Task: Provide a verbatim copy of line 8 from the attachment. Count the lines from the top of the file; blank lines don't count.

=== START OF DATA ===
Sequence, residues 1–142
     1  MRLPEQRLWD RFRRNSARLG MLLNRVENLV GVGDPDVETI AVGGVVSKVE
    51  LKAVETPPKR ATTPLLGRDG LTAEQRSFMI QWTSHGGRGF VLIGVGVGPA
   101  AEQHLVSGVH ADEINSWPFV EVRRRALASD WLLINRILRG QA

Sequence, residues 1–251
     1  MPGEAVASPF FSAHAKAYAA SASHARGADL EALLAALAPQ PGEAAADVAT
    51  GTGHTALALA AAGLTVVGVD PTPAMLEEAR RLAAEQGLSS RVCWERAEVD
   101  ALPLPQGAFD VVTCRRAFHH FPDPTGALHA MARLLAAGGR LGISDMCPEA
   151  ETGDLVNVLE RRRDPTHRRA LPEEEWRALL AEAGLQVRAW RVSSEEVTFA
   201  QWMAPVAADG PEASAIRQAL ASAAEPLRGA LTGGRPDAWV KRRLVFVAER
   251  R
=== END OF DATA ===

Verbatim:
   101  ALPLPQGAFD VVTCRRAFHH FPDPTGALHA MARLLAAGGR LGISDMCPEA